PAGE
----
2. 2. High Frequency Design HF RFID ic field energy to them. Second, antennas maintain the bi- Utilizing HF Transponders” directional data transfer between a Reader and transpon- • Implementation of Transponder Activation ders. The transponder data transmission is based on the Magnetic Flux parameter for a transponder in a “Load” modulation technique [3], which enables the non-uniform magnetic field, and its association with Reader to detect an antenna impedance modulation geometry and electrical properties—“HF Transpon- caused by a transponder. Further discussions will assume ders” that a Reader is sensitive enough to assure a reliable • Justification of new characterization parameters for transponder interrogation as soon as it gets energized. an antenna-transponder structure and qualitative RFID magnetic antennas for conventional applica- analysis of the interaction between a closely spaced tions are aimed at activation and identification of multi- conventional HF resonant loop antenna and ple transponders at the longest possible range. The goal of transponder—“Antenna-Transponder Characteri- the antenna design for such applications is to detect zation” transponders’ presence and provide a wide coverage area. • New SS antenna development and its mathematical Transponders are activated by uniform magnetic fields model correlating system performance parameters and the antenna interaction within the interrogation with a transponder and antenna geometry and their zone is largely independent of their parameters. mutual orientation—“Magnetic Flux through Antenna design methodology considerably changes for Transponder” RFID applications that demand encoding a single, target- • Quantitative analysis of spatially selective antenna- ed transponder surrounded by others. For these applica- transponder interaction for their two orthogonal tions the targeted transponder is positioned in very close alignments—“Antenna-Transponder Interaction” proximity to the antenna and a specified interrogation • Antenna circuit components justification based on region turns out to be comparable with the transponder the specified activation magnetic field, available dimensions. In this situation the antenna-transponder Reader RF power and transponder coupled distance is only a small fraction of their sizes—transpon- impedance—“Antenna Circuit.” ders operate in a principally heterogeneous magnetic field and their interaction with an antenna is heavily RFID Applications Utilizing HF Transponders dependent as much on the distance between them as on HF RFID applications and their relevant antennas, their dimensions and mutual alignment. magnetically coupled with the transponders working at To be successful in performing an interrogation of only 13.56 MHz, can be at least divided into two industry inde- one transponder an antenna should have a feature we can pendent groups. The first group, as mentioned before, rep- call spatial selectivity (SS). Spatial selectivity is an resents the “spatially distributed items” application type. antenna’s ability to communicate with a single transpon- Antenna design for this group is aimed at achieving max- der, staying within the maximum available RF power imum operational range with the transponders, which are from a Reader, and not communicating with neighboring in the uniform magnetic field and located relatively far transponders. from an antenna or, in any case, weakly coupled with it. Previously proposed solutions to increase an antenna’s This group can be simply characterized by an inequality SS were based on shielding and suppression of magnetic field in adjacent areas. The disadvantage of such an SMAX << D (1) approach is that dimensions of shielding components are greatly dependent on transponder geometry and must be where SMAX = maximum size of an antenna or transpon- adjusted for every new transponder type. The shielding of der, and D = distance between an antenna and transpon- adjacent areas is only suitable for RFID applications der. which use one, exclusive form-factor transponder. For Although the numerous wide-ranging technical RFID applications working with a variety of transpon- papers, articles and surveys analyzing an antenna opti- ders, the shielding method inevitably complicates an mization for this group have been written [3, 4, 5] there RFID system, including antenna design. are no works known to the author that are devoted to The scope of this article is to demonstrate another development of antennas working in very close proximity strategy for achieving high SS. This approach is based on to transponders. an antenna magnetic flux forming technique and a spe- The distance-dimensions relation (1), meaning a cific antenna-transponder alignment. homogeneous magnetic field for transponders, signifi- The considerations will include: cantly simplifies calculations of antenna parameters. Under condition (1) an antenna magnetic flux density dis- • Classification of RFID applications and parametric tribution is calculated for a point in place of a transpon- analysis of HF transponders—“RFID Applications der. An antenna can be designed almost independently of 20 High Frequency Electronics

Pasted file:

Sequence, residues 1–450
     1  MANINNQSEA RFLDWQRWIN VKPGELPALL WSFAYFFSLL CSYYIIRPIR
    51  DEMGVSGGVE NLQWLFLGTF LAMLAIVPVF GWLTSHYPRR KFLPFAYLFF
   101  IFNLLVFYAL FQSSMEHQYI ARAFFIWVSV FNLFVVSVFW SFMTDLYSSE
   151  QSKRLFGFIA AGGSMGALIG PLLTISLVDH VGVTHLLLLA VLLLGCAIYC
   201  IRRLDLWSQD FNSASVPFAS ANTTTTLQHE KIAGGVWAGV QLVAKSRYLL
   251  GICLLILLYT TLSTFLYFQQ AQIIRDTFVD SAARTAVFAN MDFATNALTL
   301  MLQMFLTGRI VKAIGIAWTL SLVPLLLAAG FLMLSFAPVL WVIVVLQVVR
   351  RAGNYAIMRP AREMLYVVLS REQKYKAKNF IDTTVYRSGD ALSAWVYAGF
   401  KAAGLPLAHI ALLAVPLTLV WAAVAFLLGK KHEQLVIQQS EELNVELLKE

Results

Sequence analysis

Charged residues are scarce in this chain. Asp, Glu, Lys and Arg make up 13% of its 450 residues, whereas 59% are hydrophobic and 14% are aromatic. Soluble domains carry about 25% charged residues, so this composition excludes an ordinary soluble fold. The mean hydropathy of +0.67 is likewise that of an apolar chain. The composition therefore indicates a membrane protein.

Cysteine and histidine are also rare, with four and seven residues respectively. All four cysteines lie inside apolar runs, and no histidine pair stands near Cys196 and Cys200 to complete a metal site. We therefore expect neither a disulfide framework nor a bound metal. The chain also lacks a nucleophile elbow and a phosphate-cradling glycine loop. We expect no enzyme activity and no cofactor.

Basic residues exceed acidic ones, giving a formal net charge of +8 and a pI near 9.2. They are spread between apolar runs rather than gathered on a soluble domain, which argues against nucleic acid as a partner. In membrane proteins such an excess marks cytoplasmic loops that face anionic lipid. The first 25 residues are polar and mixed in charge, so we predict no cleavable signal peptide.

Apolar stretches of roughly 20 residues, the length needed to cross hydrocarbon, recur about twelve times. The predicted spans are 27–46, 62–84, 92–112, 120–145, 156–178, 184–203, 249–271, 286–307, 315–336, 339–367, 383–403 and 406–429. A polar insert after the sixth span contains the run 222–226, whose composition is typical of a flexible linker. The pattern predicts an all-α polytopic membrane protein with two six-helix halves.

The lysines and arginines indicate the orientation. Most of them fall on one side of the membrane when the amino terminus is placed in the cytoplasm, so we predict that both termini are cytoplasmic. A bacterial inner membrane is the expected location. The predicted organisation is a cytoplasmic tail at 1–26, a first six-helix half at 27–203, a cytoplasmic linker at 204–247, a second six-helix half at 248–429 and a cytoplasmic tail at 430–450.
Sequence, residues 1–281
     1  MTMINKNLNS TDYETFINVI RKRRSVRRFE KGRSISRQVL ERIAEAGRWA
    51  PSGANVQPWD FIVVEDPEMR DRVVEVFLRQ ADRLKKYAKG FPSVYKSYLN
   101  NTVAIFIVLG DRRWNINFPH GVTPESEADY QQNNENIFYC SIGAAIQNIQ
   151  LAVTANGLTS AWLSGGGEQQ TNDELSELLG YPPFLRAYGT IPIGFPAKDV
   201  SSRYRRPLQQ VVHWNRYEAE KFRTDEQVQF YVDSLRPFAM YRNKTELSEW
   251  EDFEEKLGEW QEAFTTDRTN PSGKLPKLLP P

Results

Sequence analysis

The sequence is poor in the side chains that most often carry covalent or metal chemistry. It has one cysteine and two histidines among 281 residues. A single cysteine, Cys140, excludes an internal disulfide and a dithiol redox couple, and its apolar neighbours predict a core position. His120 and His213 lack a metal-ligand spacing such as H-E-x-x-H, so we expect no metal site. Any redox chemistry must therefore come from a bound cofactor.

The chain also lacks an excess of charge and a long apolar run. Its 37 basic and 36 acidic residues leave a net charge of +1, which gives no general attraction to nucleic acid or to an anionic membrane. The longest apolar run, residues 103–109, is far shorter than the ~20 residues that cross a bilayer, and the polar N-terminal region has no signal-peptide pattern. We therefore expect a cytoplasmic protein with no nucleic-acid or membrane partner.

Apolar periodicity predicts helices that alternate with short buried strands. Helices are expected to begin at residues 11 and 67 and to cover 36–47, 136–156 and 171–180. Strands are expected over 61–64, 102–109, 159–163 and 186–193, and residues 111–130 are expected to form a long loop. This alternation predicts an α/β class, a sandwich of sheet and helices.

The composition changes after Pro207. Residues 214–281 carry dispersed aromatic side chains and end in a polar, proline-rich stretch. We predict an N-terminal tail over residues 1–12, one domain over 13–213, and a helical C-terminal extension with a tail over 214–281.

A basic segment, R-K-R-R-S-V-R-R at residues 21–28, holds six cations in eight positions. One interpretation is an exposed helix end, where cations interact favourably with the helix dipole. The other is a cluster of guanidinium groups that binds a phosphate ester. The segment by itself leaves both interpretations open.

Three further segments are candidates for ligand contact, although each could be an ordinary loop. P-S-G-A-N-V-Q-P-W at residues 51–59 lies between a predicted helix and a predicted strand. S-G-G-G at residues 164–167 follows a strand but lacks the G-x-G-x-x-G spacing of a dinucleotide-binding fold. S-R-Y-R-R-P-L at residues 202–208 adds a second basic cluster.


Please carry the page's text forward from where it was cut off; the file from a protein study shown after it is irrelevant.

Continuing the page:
3. 3. High Frequency Design HF RFID a transponder’s position because their presence does not practically influence antenna electrical properties. Among the huge variety of RFID applications, a sec- ond group can be distinguished. This group represents a “conveyor” type, or item-level RFID. The demand for an item-level identification can be encountered, for example, in PCB fabrication, automotive parts manufacturing and assembly, IC manufacturing, book sorting in libraries, ticket processing in transportation service, monetary value certificate handling, enhancement in gaming indus- try, home automation, pharmaceutical manufacturing, implantable medical devices, walking and reading assis- tance for visually impaired people, and smart packaging. The conveyor type of application is a scenario where Figure 1 · HF antenna for item-level RFID on conveyor. transponders (attached to the items) are arranged one after another and prepared for a sequential interrogation in a short distance to an antenna (Fig. 1). A Reader has to In close proximity to an antenna, the 3D magnetic flux identify only one targeted object that is surrounded by density is non-uniform, and the magnetic flux through a adjacent items (transponders). This group can be charac- transponder depends on its location and orientation with- terized by the inequality: regard to the antenna. Thus, for RFID applications described by eq. (2), an antenna should be developed with D << SMIN (2) consideration for transponder geometry and its electrical characteristics. where SMIN = the minimum size of an antenna or transponder. HF Transponders A few divisions of the second group of RFID applica- The dimensions of typical transponders (commonly tions can further include “static-object” and “dynamic- called tags) used for HF item-level RFID and other appli- object” sub-groups. A “static-object” is the item (a cations vary from approximately 20 by 35 mm, for a transponder) that is always positioned for an interroga- device made by Texas Instruments [6], up to 85 by 135 tion in close, but fixed distance to an antenna. The degree mm for one made by UPM Rafsec [7]. A transponder spec- of antenna-transponder coupling and their mutual align- ification usually includes the IC types, a resonant fre- ment remain unchanged for every conveyor stop-cycle. A quency with its tolerance, and the most important param- “dynamic-object” sub-group is the one where an aimed eter for an antenna design—maximum required activa- transponder is also surrounded by other adjacent tion magnetic field strength HA in the uniform field. The transponders. In difference from the “static-object” case a field strength ranges approximately from 98 to 120 longer interrogation range should be made available for a [dBµA/m] depending on ICs used, transponder inductors transponder as it travelings on a continuously moving and their dimensions and also on how well a transponder conveyor. And again, a Reader should selectively interro- is tuned to an operational frequency. In practical design it gate only one predefined transponder among others. is more convenient to use H value expressed in [A/m] Under the conditions of eq. (2), antenna-transponder units. The conversion [dBµA/m] to [A/m] unit gives coupling in relation to their mutual alignment changes significantly. An antenna with low SS will activate the H[ A / m] = 10{( H [ dBµA / m ]−120) / 20} targeted transponder and two (or more) closely-spaced adjacent transponders. Although a Reader’s anti-collision Consequently, the transponder activation magnetic function can manage an identification of many simulta- flux density BA [Vs/m2] for the uniform field can be neously activated transponders, it is unable to confine a obtained using targeted transponder. To discriminate a targeted transponder at a predefined location using such an anten- BA = µ0 H A ⎡Vs / m2 ⎤ ⎣ ⎦ (3) na, all transponders (items) must be appropriately spaced along their traveling path. Unfortunately, the extension of where µ0 = 4π*1E–07 [Vs/Am] (the free-space magnetic the separation interval substantially increases total permeability). interrogation time. In case of smart label encoding in The parameter HA is specified for the uniform mag- RFID printers. an increase of the transponder’s pitch netic field and can be directly used in calculations of the causes noticeable carrier material waste. antennas satisfying the inequality in (1). For applications 22 High Frequency Electronics